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Kenya and Novo Nordisk sign MoU to provide medical products to children with diabetes

The Government of Kenya and Novo Nordisk, a Danish multinational pharmaceutical company, have signed a memorandum of understanding for the supply of medical products to improve the treatment and self-management of type 1 diabetes in children.

Speaking at the ceremony, Cabinet Secretary for Health Mutahi Kagwe said the long-term aspiration of the program was not only to improve the lives of children enrolled in the project, but also to find ways to integrate the components of the program into the delivery of health care in the country.

He said the parties have entered into a partnership to use their respective skills and strengths to improve the well-being of people living with diabetes in Kenya through sustainable partnerships and collaborations, as well as to improve the diabetes care for children with type 1 diabetes in Kenya. the country.

“We welcome you and thank you for your support. Your partnership is important and we value it. We invite you to think about investing in the country in terms of manufacturing,” said the Health CS.

To reach more children with diabetes, Kenya needs to establish additional type 1 diabetes clinics and build the capacity of health workers, with Novo Nordisk committing two billion shillings to support the program for the next 3 years.

The two parties have agreed on how to improve and establish the infrastructure of diabetes clinics and the provision of medical and laboratory equipment, training and education of health professionals working on diabetes in type 1 in children and adolescents, the provision of human insulin and blood glucose monitoring equipment and supplies at no cost to children and adolescents. They also agreed to educate children and teens with type 1 diabetes and their families, create a registry for children and teens with type 1 diabetes, and share ideas and results for improvement. Continuation of the Changing Diabetes in Children Project between parties. .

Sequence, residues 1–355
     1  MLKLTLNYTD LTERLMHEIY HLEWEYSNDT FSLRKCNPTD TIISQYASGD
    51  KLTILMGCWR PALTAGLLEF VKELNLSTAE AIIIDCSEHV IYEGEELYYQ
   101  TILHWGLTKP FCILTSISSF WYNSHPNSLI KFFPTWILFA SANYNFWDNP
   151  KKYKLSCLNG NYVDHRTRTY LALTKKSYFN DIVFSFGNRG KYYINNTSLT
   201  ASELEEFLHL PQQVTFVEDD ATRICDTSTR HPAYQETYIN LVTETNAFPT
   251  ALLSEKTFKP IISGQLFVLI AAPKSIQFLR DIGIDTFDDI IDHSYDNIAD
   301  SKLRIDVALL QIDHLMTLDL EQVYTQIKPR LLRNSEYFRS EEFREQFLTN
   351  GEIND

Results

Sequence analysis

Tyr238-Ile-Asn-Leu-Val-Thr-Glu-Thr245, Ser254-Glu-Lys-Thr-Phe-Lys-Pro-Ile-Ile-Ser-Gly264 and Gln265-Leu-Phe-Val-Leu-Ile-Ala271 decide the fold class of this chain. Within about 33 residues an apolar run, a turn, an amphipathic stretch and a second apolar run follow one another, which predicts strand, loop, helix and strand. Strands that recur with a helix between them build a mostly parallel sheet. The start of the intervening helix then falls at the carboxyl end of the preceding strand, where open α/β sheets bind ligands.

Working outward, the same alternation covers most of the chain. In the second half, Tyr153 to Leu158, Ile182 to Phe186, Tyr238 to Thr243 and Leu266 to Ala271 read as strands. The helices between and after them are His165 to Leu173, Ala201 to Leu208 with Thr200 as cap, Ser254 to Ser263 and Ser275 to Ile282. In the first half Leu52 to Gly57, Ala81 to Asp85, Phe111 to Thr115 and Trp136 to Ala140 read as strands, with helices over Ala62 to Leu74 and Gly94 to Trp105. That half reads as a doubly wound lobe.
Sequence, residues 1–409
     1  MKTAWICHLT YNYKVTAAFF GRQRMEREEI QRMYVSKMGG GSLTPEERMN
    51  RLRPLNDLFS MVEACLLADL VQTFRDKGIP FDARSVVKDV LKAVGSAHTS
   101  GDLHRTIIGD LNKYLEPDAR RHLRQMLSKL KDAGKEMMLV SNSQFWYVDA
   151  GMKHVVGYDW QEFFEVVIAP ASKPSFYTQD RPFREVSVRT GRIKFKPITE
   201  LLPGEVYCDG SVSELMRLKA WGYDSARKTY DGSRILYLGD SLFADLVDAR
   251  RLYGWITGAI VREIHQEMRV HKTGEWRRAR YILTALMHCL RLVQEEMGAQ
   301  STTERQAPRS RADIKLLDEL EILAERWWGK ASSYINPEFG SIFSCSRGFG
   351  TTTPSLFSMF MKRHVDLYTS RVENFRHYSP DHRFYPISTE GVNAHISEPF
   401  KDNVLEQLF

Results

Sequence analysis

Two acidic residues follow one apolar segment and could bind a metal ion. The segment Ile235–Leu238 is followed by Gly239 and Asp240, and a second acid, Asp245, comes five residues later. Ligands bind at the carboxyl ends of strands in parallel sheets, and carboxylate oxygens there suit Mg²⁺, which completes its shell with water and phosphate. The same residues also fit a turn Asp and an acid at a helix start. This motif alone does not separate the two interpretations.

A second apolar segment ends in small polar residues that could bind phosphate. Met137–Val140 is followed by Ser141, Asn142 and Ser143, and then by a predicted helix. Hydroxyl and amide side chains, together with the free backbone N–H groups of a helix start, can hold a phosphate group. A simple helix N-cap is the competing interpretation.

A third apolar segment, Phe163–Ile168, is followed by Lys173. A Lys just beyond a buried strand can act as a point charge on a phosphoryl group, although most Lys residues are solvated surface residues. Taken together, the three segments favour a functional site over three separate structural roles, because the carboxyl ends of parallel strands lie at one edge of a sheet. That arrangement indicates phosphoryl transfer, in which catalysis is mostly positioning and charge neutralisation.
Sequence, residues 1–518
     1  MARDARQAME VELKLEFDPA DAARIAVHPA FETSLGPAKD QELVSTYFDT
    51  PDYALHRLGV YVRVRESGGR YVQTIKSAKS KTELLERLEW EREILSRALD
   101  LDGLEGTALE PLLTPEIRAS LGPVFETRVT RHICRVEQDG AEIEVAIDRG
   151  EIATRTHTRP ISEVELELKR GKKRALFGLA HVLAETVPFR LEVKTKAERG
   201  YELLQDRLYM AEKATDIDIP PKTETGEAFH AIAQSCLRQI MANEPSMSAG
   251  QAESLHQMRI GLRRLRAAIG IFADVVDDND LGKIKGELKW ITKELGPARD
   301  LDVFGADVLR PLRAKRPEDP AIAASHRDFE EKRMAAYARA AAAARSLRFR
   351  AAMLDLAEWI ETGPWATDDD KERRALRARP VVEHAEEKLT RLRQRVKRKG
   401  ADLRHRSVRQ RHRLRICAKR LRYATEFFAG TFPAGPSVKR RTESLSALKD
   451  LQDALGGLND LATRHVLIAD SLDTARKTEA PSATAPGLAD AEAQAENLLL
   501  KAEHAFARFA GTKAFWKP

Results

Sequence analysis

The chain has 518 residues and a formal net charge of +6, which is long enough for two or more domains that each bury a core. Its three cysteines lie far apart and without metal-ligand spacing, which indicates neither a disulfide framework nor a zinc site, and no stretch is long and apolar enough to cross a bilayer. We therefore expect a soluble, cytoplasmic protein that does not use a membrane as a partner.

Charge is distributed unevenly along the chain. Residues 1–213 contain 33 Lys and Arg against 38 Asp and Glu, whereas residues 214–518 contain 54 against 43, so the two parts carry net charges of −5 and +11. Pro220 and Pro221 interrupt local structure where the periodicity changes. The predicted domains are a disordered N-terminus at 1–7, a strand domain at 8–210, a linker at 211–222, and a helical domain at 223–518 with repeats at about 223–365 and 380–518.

In the agreement, the Government of Kenya will be obliged, among other things, to gradually integrate the Changing Diabetes in Children program into the national health system and to ensure that diabetes and specifically type 1 diabetes is included in the national non-communicable disease agenda. consistent with the Sustainable Development Goals.

Novo Nordisk, in turn, will have to provide the diagnostic, screening and monitoring equipment necessary for the organization and operation of diabetes clinics and the patient registry, provide free human insulin to cover diabetes treatment needs type 1 in children and adolescents up to 25 years old in the health structures supported by the CDiC project.

The company will also have to support the training of health professionals in the management of type 1 diabetes in children and adolescents, support awareness campaigns in collaboration with various stakeholders, support education on diabetes self-management for children, adolescents and their families, including development The CDiC project provides educational materials to patients and supports the improvement of infrastructure in some of the diabetes clinics, as determined by the ministry of Health.

The MoU was signed by Vinay Ransiwal, Managing Director and Vice President on behalf of Novo Nordisk and CS Mutahi Kagwe on behalf of the Government of Kenya and in the presence of Danish Ambassador to Kenya Ole Thonke.

The Changing Children’s Diabetes program was launched in Kenya in 2012 to ensure that children with type 1 diabetes have access to appropriate treatment and support. The partnership was between Novo Nordisk, the Government of Kenya, Roche Diabetes and the Kenya Diabetes Management and Information Center (DMI). It was created to identify solutions that can lead to an integrated approach to the diagnosis, treatment and control of diabetes in children with type 1 diabetes.

(With contributions from APO)

Joan J. Dean

The author Joan J. Dean